Five Entrepreneurial Lessons From the Founders of Clubhouse

By Madison Dolman

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[vc_row][vc_column][vc_column_text]In April of 2020, Rohan Seth and Paul Davison launched the audio-based app, Clubhouse. The platform was created for individuals looking to tell stories and create new friendships through a series of chatrooms. Currently, the social networking app is being used by those wishing to engage in collisions of conversations across the board. Our Editor-In-Chief, Lance Chung, sat down with the platform’s co-creators to gauge their thoughts on how to scale start-ups and the future of social platforms.

Below are a handful of takeaways discussed by Seth and Davison in our latest podcast episode. Throughout, they offer insight into how they managed to take their once-small platform and transform it into a titan of social media.

Build what you believe

This consideration of building something they could stand behind proved integral when Seth and Davison first co-founded the platform. They wanted to choose something they’d both enjoy. For the Clubhouse co-creators, this was an easy decision. “I’d [previously] built an audio social app and Paul is an avid listener of podcasts […] audio is inherently social,” says Seth. “Audio [offers] a more human way to communicate, lets you multitask, and it creates time. The richness of the medium is one of the reasons why we started the company.”

Find your differentiation

Although technology continues to emerge on a daily basis, it’s still worth considering how one choice of medium can be more difficult to work with than another. When choosing to focus on audio-based content, Seth and Davison faced several different challenges. “Think about how hard it is for [those interested in] spoken audio. First, you have to announce you’re starting a podcast, you have to give it a name and commit,” says Davison. “You can’t do live events or interactives […] It’s hard to get distribution.” Spoken audio barriers are unlike those on other platforms, where monetization is easier, like TikTok or Instagram, per se. So, Seth and Davison decided to differentiate themselves by creating the first streamlined audio outlet, immediately carving out their own distinct identity.

RELATED: How Clubhouse Founders Rohan Seth and Paul Davison Created Conversation in the Internet’s Wild West

Set concrete goals

During the interview, Seth and Davison explain that their main goal in creating Clubhouse was to diversify the community. “We ruthlessly focused on the product and the community, [and when we finally launched] the app, it struck a chord with people early on,” says Davison. “They kept coming back, spending 20-50 hours a week talking with people.” From there, the two co-creators were able to watch as their business moved beyond one specific community. Before they knew it, individuals from all across the globe were networking together. Davison explained that he wanted everyone to feel welcome on the app. “We want to make sure when you come to Clubhouse, you immediately find your people.”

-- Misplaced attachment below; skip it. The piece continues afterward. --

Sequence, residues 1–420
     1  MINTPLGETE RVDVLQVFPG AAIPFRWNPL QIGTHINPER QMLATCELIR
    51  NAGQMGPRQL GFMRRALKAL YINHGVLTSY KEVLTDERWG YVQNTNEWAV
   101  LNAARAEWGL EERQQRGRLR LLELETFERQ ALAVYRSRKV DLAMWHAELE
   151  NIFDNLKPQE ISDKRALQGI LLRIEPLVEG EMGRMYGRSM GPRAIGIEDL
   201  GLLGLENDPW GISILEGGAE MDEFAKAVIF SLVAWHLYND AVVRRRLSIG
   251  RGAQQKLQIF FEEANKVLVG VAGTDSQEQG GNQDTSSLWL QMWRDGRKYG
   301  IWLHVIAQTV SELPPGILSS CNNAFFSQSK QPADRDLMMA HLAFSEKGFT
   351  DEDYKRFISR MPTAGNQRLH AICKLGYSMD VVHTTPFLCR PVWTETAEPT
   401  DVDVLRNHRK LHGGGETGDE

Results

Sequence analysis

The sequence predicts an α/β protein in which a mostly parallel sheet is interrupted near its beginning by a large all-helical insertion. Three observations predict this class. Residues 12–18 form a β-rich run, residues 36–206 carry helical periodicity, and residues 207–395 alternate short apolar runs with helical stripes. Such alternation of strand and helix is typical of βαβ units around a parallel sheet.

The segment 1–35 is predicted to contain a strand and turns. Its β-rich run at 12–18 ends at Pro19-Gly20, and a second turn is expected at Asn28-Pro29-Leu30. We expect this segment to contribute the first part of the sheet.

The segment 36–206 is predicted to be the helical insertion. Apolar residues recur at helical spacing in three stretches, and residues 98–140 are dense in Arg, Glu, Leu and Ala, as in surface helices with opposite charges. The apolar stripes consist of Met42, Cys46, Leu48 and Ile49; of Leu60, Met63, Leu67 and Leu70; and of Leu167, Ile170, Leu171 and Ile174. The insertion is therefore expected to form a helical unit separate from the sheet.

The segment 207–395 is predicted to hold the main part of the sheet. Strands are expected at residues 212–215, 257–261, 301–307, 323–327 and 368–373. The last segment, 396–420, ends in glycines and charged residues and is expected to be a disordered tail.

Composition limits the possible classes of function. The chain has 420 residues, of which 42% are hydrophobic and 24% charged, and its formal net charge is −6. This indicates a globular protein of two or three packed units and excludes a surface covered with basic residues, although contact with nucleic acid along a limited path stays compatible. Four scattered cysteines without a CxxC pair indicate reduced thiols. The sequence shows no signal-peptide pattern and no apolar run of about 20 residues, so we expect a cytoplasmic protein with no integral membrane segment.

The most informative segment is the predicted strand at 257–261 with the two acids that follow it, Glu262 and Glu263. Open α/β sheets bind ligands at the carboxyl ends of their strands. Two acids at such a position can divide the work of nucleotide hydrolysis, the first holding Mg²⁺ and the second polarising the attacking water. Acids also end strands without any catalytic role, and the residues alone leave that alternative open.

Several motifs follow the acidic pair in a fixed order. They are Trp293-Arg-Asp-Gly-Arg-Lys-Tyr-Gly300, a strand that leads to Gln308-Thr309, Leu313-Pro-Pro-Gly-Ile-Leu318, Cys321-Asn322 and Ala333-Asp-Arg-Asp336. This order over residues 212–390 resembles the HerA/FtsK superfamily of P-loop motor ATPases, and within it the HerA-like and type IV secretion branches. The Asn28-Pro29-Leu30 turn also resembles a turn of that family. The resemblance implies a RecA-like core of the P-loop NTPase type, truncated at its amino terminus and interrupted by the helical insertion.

Embrace the evolution

“We didn’t hire fast enough, we didn’t grow the team,” says Seth, when asked about a big lesson that he learned through the launch of Clubhouse. “We’ve gone from [a team] of nine to 90.”

Both co-creators are largely focused on how the platform operates day-to-day, but eventually, Clubhouse’s popularity reached a point where Seth and Davison had to step back. They realized that growing the team was inevitable, despite initial worries that this would take away the core focus from the user experience. Today, that experience still lies at the heart of Clubhouse, but its growing team allows the platform to shape this experience far more effectively than it did before its expansion. “We want our business model to be aligned with the needs of our creator; we’re only growing as a business if they’re growing as individuals,” says Davison.

Patience is a virtue

While both Seth and Davison acknowledge that startups take a lot of hard work, they pride themselves on staying optimistic. “We dream big, but we think in smaller trunks and how we’re going to be executing [our plan],” says Seth. Davison agrees that it’s important to stay focused on the intended goal. “The future is built by optimists,” he continues. Instead of thinking about why something might not work out, it is important to accept challenges as they come. “We get to embrace the good,” he added. “There are always challenges […] we’re going to figure it out.”[/vc_column_text][/vc_column][/vc_row]